Snellville needs housing types other than single family homes. Snellville also needs stores, gas stations, restaurants and office suites. To accommodate those needs in a sensible manner, while protecting property owner rights and values, the city has developed a long term land use plan and established districts for specific types of development. Consequently, commercial establishments aren’t allowed in residential districts, and houses aren’t permitted in commercial districts.
Those are black-and-white requirements, that don’t always apply in a world that is continually moving from one shade of gray to another. Consequently, the City has the means to address changing conditions and the developments proposed to meet them; a land owner or developer may apply to have a parcel of land (or several parcels) rezoned if a proposed development doesn’t fit the existing zoning requirements. Sometimes, such rezonings make sense and are of benefit to the community. Other times they don’t make sense or are potentially damaging to the community and therefore offer no benefit.
One arbiter of the sensibility of a proposed zoning change is the applicable “Character Area” description contained in the City’s long term land use plan, also called the Comprehensive Plan. Character areas are painted with a broad brush and define the overall look and feel of each section of the City. They are designed to provide guidelines for character-consistent, sensible and well-managed future growth. If a requested zoning is inconsistent with the character area in which it falls, the land use plan must be changed before rezoning changes can be approved.
Parcels along Main Street and Highway 124 represent examples of sensible rezoning done in prior years. Once desirable areas for residences, land fronting these two highways now faces a busy thoroughfare with heavy traffic and all too often, congestion. Snellville’s growth and the resulting change in area environment has made these road-front properties more suitable for businesses and less desirable for houses. But before the properties along Main Street and Highway 124 could serve commercial purposes, they had to be, and were rezoned.
Rezoning requests can incorporate a variety of changes within the commercial, residential, office/institutional and industrial parameters as some of these categories are comprised of a variety of districts. In 2014, Snellville received applications from two different development groups that wanted to build apartment complexes. Both applications were inconsistent with the land use plan and did not fit the current zoning. One group, Lynwood Development, determined it made more sense to abandon the apartment proposal and proceed with single family homes. The other group, never demonstrated any inclination to consider other options and proceeded with its apartment application, which was denied by the City Council.
That developer, Brand Properties, is now suing the City. According to an article in the Gwinnett Daily Post, “The developer has filed suit against the city, accusing officials of being unreasonable and committing an ‘unconstitutional act’ in denying Brand’s request to rezone land on Tree Lane for a 244-unit complex. Brand, whose apartments would’ve been Snellville’s first, also claims the city’s denial is tantamount to a violation of the Georgia Fair Housing Act’s promises of housing options for ‘protected’ residents.”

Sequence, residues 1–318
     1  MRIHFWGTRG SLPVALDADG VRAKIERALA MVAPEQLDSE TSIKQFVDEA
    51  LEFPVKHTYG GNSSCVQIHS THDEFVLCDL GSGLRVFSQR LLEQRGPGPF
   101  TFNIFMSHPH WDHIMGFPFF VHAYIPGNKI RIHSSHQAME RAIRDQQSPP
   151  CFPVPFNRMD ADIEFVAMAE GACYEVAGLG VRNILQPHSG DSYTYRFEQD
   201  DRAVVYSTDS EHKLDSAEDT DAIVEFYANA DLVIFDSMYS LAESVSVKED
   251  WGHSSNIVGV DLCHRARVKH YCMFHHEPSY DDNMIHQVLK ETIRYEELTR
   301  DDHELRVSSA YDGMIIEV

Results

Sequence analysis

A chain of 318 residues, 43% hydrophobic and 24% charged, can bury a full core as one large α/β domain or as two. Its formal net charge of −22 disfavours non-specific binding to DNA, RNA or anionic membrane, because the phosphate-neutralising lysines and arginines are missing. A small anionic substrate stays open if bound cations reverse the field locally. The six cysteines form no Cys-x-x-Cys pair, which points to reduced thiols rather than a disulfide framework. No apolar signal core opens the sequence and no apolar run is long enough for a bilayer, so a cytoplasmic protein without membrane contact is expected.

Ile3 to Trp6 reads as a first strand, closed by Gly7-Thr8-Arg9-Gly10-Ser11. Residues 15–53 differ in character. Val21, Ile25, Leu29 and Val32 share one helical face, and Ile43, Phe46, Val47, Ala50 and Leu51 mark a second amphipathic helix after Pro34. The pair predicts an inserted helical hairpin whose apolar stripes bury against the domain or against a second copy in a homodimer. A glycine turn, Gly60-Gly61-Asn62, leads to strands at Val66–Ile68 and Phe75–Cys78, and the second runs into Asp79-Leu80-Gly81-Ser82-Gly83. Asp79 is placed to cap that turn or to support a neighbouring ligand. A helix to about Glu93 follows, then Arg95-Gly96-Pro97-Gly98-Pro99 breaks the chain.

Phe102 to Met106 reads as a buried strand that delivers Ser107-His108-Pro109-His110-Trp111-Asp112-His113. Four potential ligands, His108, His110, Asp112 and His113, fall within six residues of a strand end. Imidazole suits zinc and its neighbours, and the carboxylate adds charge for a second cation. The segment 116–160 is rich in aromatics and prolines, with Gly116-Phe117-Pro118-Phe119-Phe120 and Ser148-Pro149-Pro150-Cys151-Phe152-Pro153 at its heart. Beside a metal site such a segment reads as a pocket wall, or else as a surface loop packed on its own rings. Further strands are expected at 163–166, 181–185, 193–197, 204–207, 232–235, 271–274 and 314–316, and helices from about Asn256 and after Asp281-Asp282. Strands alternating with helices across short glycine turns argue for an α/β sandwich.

Brand’s displeasure with the denial and its lawsuit are no surprise. Throughout the entire application process, the developer’s representatives never appeared willing to consider or discuss anything other than their original proposal.
The Gwinnett Daily Post article also quotes a Brand representative as saying, “The proposed development, had it been approved, would have provided affordable housing for families working in Snellville and there is a current demand for the proposed development within the city.”
That statement is in direct conflict with Brand’s claims, repeated in numerous meetings and presentations, that its apartments would be “high end”; the rates quoted by Brand representatives were higher than many families’ house payments. As for the “current demand for the proposed development”, it would appear that the developer is the only one making such demands. That brings into question whether Brand representatives were being forthright in their original statements or unaware of the dichotomy between “high end” and “affordable”.
As a member of the City Council, I gave the same careful and thorough consideration to the Brand Properties proposal as I do to all development and zoning applications. Knowing my fellow Council members as I do, they did the same.
Although the vocal opposition expressed by area residents received extensive media coverage, it was but one of numerous relevant considerations. Certainly, resident sentiment is a concern, as is a proposed development’s impact on traffic and schools. Compatibility with the land use plan is another important consideration as is environmental impact on the area and neighboring properties. The site of the proposed apartments has a host of environmental challenges, not the least of which is a tangible potential for the reduction of green space and alteration of wetland areas to cause the flooding of neighboring properties.
In evaluating the extent of this particular development’s negative impact upon the area, it seems to loom as a multi-pronged assault against the community. Assault may ring out as too strong a word, yet in light of the lawsuit filed by Brand Properties, it seems entirely appropriate. It also seems entirely appropriate that I not merely maintain, but strengthen my commitment to defend our city against proposals that do not serve the best interests of our citizens. And although I can’t speak for them, I know that four other Council members share that commitment.